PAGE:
Inside Job: A Look at Common Interior Prep Mistakes

by Brian Sodoma

iStock_000013717458_DoubleAs we head into the cooler months, interior work will dominate the job list for paint pros in four-season climates. After a long summer of exterior work, interior prep can seem tedious and time-consuming, especially in the case of repaints of occupied buildings.

Paint pros would much rather be rolling paint than hanging drop clothes on precious belongings, but most will take the inconvenience in the name of steady work.

Transitioning from exterior to interior work requires tapping different skill sets and habits. Whether it’s surface prep or logistics, several experts offer up these helpful tips and reminders.


Jeremy Rhett, owner of CertaPro Painters of Atlanta, has been in business for 15 years. And he says when it comes to caulk, what goes outside should come inside too.

Too often, pros assume a climate-controlled environment means caulk quality can go by the wayside. But saving a few bucks only hurts the whole job.

“We use elastomeric sealants on everything,” he said. “In Atlanta, with the humidity and dry, cold winters, you can get gaps and cracks, and a $1 tube of caulk can make the job look so bad.”


Even with a cozy, warm interior, paint adhesion issues can still occur due to surface-temperature problems, explained Rick Watson, director of product information and technical services for Sherwin-Williams.

Watson said an interior wall whose opposite side is exposed to the outside elements could be vulnerable to temperature concerns, particularly on older homes with poor insulation. “It could be 65˚ or 70˚ in the house but that wall surface could be 45,˚” he said. “That could really slow your drying.”


Nothing trips up adhesion like a dirty surface. Watson says all pros understand the need for a surface to be clean, dry and dull, but he emphasizes a particular order of prep activity that can help assure a surface is ready for a coat of paint.

Clean it, dry it, sand it, then give the space a final vacuum or wipe down to remove dust, he advises. Too often, that last dust removal step can go overlooked, he explained.

“You don’t have to be a fanatic about dust, you just have to make sure it’s removed,” he said.

If prepping a kitchen or bathroom, be super-vigilant in cleaning steps when dealing with soap and grease marks, he added.

Keep an eye out for existing roller and brush marks, too, Watson said. Indoor environments with limited lighting can hide imperfections, but a fresh coat of paint could reintroduce it to the room.

“All that stuff is going to telegraph to the next coat,” he noted.

Kasey Jenkins, senior applications specialist for Behr Process Corporation, says baseboards are common dust build-up areas that trip up interior jobs. While pros are generally good about wiping them down, he says a baseboard should ideally be vacuumed, especially if it’s next to carpet.

“That’s where the human and animal hair and dust can show up and, if not careful, you paint over it,” he said.

In general, Jenkins also encourages a wipe down of all walls with a damp cloth to clear away dust and, if dealing with an existing dirty semigloss paint, use a multipurpose cleaner or trisodium phosphate.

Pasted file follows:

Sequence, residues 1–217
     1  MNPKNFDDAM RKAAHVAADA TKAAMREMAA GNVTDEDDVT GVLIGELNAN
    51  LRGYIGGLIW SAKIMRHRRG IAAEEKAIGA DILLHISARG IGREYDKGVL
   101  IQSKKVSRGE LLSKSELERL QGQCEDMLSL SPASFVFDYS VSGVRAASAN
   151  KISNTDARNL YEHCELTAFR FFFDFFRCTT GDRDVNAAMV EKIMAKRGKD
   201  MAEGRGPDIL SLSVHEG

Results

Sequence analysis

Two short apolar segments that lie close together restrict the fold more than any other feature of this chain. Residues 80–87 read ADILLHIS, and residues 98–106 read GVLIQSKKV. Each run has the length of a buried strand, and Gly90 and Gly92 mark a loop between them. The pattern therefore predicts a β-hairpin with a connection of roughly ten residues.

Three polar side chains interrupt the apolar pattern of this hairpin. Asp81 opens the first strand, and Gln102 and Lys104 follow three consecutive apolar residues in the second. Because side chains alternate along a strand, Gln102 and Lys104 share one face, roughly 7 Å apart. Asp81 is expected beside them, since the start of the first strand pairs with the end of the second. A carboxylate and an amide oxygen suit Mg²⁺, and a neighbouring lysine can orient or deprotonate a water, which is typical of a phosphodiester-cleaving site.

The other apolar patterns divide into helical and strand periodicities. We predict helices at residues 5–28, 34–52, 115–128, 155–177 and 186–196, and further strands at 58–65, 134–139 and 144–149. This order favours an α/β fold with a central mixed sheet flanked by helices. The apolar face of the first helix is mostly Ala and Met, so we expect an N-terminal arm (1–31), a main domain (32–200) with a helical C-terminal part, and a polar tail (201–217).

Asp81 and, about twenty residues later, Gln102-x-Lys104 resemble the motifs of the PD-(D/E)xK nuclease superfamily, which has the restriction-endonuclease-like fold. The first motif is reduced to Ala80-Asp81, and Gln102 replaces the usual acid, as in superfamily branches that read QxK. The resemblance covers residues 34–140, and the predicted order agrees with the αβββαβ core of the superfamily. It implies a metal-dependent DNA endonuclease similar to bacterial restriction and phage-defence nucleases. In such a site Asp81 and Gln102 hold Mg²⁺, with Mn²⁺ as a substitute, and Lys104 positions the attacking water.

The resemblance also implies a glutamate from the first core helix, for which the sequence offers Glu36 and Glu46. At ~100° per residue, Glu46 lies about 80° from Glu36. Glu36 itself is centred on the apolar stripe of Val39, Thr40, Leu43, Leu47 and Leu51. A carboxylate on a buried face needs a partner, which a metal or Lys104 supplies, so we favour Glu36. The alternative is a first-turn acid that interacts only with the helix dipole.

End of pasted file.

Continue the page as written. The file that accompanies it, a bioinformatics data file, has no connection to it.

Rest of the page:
Jeff Spillane, senior manager of training implementation with Benjamin Moore, highlights the importance of understanding lead-based paint scenarios. Lead-based paint was outlawed in 1978 and older buildings can be called into question, particularly if surfaces require sanding or cleaning up paint chips during prep.

Spillane has done his homework on the lead-based-paint subject and knows that buildings built in the 60s and 70s probably have very little lead on their walls; whereas buildings built in the 30s, 40s and 50s could have as much as a third of the paint formula full of lead. Regardless, both situations require a tradesman who is trained in the best practices for containing and working with walls containing lead-based paint.

1-800-424-LEAD, the EPA’s National Lead Information Hotline, can offer resources for paint contractors and other tradesmen working on a building with potentially high levels of lead-based paint.


With today’s low-VOC acrylics giving off little to no fumes, it’s easy to forgo cracking that window or door on jobs, Spillane said.

But failing to properly ventilate a space could lead to an early paint failure.

“That air flow and humidity has a big impact on the drying and curing of the paint,” he added.


After working on exteriors all summer, painters can become careless about where their feet land.

“When you are used to climbing ladders and walking through dirt and grass, you have to remind yourself to think about where you’re stepping,” said Rhett. “It seems like a real common sense thing, but we have to remind exterior painters to take their shoes off at the door.”

Rhett cautions commercial crews accustomed to high-production work to slow down and refine their cutting-in practices for crisp, straight edges that homeowners demand. He also encourages his interior teams to work on small sections of a house, focusing first on high-use areas, to restore order to the home.

“It’s important for homeowners to still have some sense of home while you’re working there,” he said.

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